For the first time in nearly 16 years, the tenure policy of the schools of Arts and Sciences and Engineering will be formally examined. The deans of the two Homewood schools earlier this year appointed an ad hoc faculty committee, which had its first meeting in mid-February, to examine the long-standing and often debated practice and procedure.
The Tenure Policy Review Committee's charge is to evaluate whether the current tenure policy for the two schools should be changed; in particular, whether or not to offer tenure to all associate professors. Currently, it is given in only "exceptional" cases. A formal report, with a list of recommendations, is due to the two deans by the end of the 2002 fall semester.
The committee will hold its first two open meetings on the subject--one for tenured faculty and one for nontenured--within the next month.
William Sharpe Jr., co-chair of the committee and a professor in the Department of Mechanical Engineering, said that while it's too early in the process to know what specific issues will be discussed, a component of the existing policy that is certain to be examined at length is the near-limiting of tenure to full professors. In 1986, a Homewood Academic Council committee recommended to allow the awarding of tenure at the associate professor level in "exceptional circumstances, when the candidate has demonstrated outstanding achievement, substantial research in progress and clear promise of merit for eventual promotion to professor." In practice, the promotion of faculty to associate professor with tenure has been rare. At Homewood, where there are 360 faculty members, only two of the 253 with tenure are associate professors.
"The main issue is whether this current policy makes Hopkins less competitive in hiring and retaining untenured, young faculty," Sharpe said. "At almost every other university in the United States, when someone is promoted to associate professor, tenure comes with it."
According to committee members, the argument for awarding tenure at the associate professor level is that faculty would be secure earlier in their academic careers. One argument for retaining the current policy, however, is that since Hopkins is relatively so small in comparison to its peers, it cannot afford to "make a mistake" in the awarding of tenure.
Currently, a faculty member in Arts and Sciences or Engineering can serve as an instructor for no more than three years, assistant professor for no more than seven, nontenured associate professor for no more than six, and at all levels for no more than 11, before receiving a tenure review.
Tenure policies at other Hopkins schools vary and are not expected to be impacted by the committee's findings.
The committee, which has met every two weeks since its formation, is currently comprised of 13 members. In addition to Sharpe, they are Betsy Bryan, chair of Near Eastern Studies; William Connolly, co-chair of the committee and a professor in Political Science; Ali Khan, a professor in Economics; Eaton Lattman, chair of Biophysics; Daniel Naiman, a professor in Mathematical Sciences; Wilson J. Rugh, a professor in Computer and Electrical Engineering; Trina Schroer, a professor in Biology; Kathleen Stebe, a professor in Chemical Engineering; Daniel Weiss, dean of the faculty of the School of Arts and Sciences; and Michael Williams, a professor in Philosophy. Ex-officio members are Richard McCarty, James B. Knapp Dean of the Krieger School of Arts and Sciences, and Ilene Busch-Vishniac, dean of the Whiting School of Engineering. Weiss will become an ex-officio member on July 1 when he succeeds McCarty as dean of Arts and Sciences.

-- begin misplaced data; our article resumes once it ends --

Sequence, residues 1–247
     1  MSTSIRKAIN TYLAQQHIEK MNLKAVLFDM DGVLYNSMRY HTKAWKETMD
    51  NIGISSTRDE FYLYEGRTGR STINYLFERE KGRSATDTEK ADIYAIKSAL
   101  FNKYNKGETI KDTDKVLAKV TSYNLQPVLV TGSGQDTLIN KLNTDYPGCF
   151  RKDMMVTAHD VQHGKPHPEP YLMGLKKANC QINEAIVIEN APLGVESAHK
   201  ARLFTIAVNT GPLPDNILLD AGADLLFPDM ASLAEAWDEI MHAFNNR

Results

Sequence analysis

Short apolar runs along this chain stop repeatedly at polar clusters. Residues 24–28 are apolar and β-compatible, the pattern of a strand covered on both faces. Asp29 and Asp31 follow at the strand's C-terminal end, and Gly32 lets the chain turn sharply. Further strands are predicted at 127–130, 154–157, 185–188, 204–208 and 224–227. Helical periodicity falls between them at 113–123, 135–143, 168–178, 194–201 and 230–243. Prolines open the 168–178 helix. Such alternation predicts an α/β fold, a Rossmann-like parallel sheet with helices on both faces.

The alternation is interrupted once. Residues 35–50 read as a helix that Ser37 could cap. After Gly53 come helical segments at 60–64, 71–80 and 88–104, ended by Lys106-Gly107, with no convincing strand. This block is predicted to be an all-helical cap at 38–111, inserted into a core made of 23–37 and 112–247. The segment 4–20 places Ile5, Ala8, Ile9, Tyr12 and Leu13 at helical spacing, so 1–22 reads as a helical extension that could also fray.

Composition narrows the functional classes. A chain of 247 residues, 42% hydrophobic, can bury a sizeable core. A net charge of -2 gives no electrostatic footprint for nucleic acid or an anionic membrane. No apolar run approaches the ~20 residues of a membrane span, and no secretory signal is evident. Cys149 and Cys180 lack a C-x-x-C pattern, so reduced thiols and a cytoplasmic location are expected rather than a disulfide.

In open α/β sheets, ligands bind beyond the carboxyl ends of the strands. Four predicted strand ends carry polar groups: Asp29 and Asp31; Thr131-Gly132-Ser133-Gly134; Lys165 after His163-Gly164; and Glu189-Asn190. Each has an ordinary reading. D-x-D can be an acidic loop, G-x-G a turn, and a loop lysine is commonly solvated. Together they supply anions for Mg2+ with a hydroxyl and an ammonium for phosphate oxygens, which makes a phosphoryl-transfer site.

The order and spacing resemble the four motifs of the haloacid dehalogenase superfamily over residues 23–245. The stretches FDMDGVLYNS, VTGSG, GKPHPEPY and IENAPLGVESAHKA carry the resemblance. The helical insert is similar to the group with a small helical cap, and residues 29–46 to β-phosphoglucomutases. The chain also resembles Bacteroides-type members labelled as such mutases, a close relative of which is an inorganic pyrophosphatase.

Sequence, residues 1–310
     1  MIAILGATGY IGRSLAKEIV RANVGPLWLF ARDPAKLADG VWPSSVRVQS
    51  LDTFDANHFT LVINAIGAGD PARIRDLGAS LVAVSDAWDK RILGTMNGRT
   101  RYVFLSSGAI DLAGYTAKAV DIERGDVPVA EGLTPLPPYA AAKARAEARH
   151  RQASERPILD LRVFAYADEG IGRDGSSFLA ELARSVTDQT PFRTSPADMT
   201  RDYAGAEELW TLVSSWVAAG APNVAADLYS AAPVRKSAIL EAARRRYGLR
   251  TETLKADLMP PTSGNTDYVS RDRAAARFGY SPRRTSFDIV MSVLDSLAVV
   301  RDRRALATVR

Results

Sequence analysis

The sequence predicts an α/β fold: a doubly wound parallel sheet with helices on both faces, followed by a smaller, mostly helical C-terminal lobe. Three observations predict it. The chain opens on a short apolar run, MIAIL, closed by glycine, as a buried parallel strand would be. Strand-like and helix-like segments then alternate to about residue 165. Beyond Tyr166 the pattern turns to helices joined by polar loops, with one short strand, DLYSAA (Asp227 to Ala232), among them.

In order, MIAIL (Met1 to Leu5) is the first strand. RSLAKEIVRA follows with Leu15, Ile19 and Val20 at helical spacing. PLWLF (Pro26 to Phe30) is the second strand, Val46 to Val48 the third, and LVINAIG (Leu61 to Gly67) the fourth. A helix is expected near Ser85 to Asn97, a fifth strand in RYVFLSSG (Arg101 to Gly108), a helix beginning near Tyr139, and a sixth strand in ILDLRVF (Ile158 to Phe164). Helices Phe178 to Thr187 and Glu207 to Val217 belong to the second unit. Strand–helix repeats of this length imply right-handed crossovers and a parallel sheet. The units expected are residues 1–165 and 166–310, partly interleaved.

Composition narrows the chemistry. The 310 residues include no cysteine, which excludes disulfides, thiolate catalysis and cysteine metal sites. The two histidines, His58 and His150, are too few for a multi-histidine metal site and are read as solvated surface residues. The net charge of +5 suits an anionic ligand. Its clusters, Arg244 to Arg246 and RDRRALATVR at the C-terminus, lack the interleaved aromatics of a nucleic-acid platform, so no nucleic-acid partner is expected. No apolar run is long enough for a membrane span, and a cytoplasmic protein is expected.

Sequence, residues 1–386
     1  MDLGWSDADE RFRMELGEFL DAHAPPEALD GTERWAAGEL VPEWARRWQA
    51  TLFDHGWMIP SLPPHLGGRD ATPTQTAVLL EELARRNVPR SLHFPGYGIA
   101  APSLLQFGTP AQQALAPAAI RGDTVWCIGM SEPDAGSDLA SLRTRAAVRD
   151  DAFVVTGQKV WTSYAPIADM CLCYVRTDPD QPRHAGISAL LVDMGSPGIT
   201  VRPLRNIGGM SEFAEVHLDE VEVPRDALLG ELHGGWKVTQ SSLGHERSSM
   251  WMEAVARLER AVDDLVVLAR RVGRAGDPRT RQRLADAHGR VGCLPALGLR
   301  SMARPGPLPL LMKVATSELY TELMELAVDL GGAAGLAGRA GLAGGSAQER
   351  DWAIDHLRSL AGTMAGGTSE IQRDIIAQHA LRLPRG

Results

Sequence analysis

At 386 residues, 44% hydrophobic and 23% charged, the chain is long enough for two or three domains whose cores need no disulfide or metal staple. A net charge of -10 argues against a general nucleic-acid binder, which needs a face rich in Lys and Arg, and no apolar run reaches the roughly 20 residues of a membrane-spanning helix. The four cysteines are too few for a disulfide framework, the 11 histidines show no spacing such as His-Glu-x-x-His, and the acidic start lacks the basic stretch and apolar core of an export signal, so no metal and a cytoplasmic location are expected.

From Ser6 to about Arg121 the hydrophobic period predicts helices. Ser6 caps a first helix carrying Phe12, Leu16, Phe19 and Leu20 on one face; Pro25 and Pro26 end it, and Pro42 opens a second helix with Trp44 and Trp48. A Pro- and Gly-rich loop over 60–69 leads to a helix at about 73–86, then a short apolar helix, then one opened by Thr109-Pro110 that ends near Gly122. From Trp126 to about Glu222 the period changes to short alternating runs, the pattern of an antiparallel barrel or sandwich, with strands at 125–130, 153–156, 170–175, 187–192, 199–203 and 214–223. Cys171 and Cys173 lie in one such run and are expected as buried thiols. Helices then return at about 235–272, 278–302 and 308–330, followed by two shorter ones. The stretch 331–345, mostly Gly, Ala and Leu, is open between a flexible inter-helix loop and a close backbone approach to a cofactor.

Sharpe said the purpose of the first two open meetings is to "simply sit and listen to concerns and opinions." For nontenured faculty, a meeting will be held from 3 to 5 p.m. on Friday, April 26, in the Sherwood Room, Levering Hall. At this meeting, Sharpe said, nontenured faculty will be able to interact with both the committee and each other without the presence of senior faculty who will be considering their promotion. A meeting for tenured faculty will take place during the same hours on Friday, May 3, in the Clipper Room, Shriver Hall.
In addition to holding the open meetings, the committee will be requesting information on tenure from department chairs. Sharpe also expects the issue to be discussed throughout the year at both faculty assemblies and chair meetings.
"Right now we are formulating what we know and what the issues are," Sharpe said. "I expect the fall semester will be devoted to specifics."
Sharpe said it should not be assumed that some change in tenure policy will occur as a result of the committee's findings.
"I think that there is a reasonably balanced view on both sides whether tenure policies should be changed or not," Sharpe said. "There is certainly a fair amount of opinion that we shouldn't change the basic concept of saving tenure to the full professor level."
Co-chair William Connolly said that for the committee to be successful, it needs the input of the faculty. The two upcoming meetings, he said, will be critical to the committee's deliberations, and he encourages everyone to attend.
"We've had excellent preliminary discussions with a wide range of perspectives represented on the committee," Connolly said. "And we think those discussions have put us in a good position to listen attentively to the thoughts of the faculty in respect to the existing tenure policies."